Nancy Farmer crafts an uncomfortably credible dystopian environment in The House of the Scorpion, mostly with just two speculative elements: viable human cloning (with clones treated as chattel) and an uneasy détente between the U.S. and major drug cartels, with the cartels offered non-interference in exchange for border control assistance. I wanted to not believe in it, but given the species history of treating human beings as if they weren’t, and the national history of unlikely bed-partners to achieve dubious ends, it didn’t stretch my credibility too much (and Farmer invests it with some squirm-inducing realism).
The novel portrays Farmer’s world through the eyes of Matt, the young clone — almost a sort of pet — of one of the nastiest and most powerful drug lords. Matt is an impressive fictional creation; at times he will probably push the boundaries of many readers’ sympathies, because he’s not raised in an environment that encourages many positive traits. His struggles to carve out his own identity make for compelling reading. (And there are other vivid characters for him to interact with.)
The House of the Scorpion has some structural issues, which I think largely result from Farmer’s attempt to address a moderately serious plot problem: the alert reader will figure out several important things before Matt does, so there are more surprises in store for Matt than for the reader. The last third of the book mixes things up significantly and probably offers more novelty to the reader. But while it continues the thematic arc of Matt’s life, it’s less well defined and leans harder on familiar fictional tropes than the rest of the novel. It also introduced some political commentary which at best seems irrelevant and at worst contrary to the main thrust of the book (the novel’s embrace of moral ambiguity notwithstanding). And the last few chapters felt distinctly rushed. If it were published today, I suspect there would have been editorial pressure to expand it into two novels. One of those hypothetical books would have ended with a godawful cliffhanger, but the second chunk of Matt’s story might have benefited from a richer, more thorough treatment.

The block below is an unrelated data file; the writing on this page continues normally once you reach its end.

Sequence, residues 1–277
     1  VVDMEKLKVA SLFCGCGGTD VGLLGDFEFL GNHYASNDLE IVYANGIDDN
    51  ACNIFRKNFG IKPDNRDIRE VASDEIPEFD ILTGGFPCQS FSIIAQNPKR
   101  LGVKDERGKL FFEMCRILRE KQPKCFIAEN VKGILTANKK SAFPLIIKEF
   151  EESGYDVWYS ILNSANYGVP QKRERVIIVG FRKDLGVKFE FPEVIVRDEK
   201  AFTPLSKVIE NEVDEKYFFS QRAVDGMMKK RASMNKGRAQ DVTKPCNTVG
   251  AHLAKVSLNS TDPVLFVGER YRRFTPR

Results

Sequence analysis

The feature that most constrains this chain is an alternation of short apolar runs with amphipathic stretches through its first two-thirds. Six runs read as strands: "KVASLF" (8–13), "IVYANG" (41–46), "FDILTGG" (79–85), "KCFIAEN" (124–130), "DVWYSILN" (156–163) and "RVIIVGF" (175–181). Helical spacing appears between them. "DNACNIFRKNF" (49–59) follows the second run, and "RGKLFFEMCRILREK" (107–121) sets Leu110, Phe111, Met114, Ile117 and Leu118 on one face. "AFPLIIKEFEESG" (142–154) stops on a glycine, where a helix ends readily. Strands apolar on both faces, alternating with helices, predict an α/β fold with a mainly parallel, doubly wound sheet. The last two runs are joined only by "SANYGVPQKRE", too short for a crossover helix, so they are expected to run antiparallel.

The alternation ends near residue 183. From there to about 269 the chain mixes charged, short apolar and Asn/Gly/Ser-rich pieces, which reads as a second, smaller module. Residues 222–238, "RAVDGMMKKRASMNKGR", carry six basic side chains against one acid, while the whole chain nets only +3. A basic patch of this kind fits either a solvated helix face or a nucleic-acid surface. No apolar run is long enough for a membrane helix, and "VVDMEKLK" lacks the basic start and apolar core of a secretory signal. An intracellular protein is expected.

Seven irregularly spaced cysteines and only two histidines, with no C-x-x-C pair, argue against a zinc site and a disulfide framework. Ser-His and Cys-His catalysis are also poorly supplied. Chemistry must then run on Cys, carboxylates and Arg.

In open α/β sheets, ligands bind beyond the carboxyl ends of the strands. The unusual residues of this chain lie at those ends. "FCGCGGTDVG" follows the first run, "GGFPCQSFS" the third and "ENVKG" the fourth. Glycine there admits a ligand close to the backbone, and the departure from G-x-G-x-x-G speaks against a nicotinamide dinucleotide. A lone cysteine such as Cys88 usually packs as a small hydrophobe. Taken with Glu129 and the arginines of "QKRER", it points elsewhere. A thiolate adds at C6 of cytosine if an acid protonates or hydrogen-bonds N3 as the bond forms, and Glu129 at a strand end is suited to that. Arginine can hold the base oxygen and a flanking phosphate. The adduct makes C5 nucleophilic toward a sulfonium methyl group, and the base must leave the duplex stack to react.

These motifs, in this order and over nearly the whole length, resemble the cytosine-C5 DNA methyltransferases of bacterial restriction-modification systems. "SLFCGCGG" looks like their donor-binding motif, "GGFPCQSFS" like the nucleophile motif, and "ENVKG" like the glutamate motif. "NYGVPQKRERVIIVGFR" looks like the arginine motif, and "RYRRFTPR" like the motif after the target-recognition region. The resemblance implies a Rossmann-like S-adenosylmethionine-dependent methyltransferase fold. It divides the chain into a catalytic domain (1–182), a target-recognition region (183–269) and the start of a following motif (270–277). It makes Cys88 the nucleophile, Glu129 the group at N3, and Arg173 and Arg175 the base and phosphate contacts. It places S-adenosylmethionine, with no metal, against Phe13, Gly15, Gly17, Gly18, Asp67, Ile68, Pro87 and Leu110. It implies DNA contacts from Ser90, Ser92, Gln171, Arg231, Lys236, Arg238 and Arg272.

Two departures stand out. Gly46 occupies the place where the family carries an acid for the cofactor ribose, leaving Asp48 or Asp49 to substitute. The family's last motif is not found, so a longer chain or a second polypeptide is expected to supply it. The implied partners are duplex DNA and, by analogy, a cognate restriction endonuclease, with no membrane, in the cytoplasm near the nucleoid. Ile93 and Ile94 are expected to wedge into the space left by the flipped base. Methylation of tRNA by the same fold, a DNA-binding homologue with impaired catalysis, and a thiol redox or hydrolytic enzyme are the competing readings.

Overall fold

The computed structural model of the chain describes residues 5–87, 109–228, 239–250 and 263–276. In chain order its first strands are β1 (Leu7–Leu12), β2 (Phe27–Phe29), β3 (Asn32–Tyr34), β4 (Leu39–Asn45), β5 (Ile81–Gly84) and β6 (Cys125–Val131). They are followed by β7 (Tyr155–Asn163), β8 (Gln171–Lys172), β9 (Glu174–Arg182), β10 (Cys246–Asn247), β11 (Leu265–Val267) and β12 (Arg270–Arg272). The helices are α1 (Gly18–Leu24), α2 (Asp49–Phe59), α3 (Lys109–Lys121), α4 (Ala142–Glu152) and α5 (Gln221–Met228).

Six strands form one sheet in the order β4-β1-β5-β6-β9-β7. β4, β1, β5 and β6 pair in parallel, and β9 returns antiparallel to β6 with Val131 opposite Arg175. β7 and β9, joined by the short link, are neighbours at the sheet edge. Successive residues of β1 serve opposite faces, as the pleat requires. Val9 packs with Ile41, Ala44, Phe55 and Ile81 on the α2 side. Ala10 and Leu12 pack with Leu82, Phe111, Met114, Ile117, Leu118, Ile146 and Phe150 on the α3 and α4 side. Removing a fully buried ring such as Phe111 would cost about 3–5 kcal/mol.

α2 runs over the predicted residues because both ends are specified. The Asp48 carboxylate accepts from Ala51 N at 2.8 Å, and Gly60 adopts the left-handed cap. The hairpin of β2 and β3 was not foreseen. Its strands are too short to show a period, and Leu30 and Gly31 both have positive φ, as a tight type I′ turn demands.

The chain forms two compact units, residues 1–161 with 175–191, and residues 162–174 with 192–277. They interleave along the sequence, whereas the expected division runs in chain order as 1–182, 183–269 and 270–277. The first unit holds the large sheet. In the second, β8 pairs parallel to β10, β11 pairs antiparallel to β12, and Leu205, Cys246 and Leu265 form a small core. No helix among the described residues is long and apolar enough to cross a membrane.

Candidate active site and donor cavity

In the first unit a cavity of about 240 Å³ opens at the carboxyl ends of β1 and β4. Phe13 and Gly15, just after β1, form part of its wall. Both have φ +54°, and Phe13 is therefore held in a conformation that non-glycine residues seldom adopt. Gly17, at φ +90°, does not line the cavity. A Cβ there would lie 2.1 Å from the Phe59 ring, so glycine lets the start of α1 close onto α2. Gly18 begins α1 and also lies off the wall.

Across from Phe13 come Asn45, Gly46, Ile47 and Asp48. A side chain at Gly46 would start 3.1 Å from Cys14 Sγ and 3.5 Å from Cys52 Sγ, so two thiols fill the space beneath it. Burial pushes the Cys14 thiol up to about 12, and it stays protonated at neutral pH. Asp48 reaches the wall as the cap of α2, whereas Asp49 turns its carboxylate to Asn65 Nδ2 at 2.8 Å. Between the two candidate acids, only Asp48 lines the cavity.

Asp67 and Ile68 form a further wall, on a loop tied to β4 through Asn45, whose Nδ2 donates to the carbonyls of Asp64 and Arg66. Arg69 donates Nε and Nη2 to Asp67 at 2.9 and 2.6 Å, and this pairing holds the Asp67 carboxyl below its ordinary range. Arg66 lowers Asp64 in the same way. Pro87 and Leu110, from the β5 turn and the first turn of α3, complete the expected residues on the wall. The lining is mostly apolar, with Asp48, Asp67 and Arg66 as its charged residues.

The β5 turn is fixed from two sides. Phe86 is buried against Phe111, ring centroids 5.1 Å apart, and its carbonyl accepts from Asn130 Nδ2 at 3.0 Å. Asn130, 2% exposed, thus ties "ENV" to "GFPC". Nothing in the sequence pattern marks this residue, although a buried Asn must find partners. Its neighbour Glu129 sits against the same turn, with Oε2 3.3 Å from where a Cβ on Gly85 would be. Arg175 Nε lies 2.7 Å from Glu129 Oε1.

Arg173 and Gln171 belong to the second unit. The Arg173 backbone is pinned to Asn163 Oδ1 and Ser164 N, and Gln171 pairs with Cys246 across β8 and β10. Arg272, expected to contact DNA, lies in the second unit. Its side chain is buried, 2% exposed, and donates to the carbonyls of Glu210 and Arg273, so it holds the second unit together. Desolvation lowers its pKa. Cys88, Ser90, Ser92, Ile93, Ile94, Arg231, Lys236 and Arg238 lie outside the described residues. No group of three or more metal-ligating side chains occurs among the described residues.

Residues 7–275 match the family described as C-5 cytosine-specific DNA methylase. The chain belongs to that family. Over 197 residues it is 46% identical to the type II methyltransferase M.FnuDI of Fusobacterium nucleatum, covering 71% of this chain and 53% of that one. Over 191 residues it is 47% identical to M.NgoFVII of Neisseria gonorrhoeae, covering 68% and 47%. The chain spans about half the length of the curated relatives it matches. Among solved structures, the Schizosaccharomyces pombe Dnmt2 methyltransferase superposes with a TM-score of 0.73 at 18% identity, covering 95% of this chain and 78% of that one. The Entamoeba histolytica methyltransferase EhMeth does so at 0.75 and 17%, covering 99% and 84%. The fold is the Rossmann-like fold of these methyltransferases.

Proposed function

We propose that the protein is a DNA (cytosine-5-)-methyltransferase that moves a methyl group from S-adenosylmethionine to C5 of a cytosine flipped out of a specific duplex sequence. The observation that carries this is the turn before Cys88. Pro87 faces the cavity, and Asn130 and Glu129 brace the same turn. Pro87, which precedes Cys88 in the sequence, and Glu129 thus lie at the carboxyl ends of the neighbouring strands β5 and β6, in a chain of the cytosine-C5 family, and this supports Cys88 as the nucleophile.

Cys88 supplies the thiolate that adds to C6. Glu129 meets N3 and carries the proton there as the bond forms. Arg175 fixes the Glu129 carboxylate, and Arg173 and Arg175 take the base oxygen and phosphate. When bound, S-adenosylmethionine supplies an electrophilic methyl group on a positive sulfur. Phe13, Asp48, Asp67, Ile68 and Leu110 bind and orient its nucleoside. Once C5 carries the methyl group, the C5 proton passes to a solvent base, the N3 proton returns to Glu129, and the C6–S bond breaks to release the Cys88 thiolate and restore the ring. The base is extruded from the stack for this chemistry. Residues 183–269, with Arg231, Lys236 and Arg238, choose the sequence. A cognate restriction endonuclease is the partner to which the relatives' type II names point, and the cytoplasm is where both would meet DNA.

needs more demons? despite my quibbles, I thought most of this was very well done, and I will read more from Farmer for sure.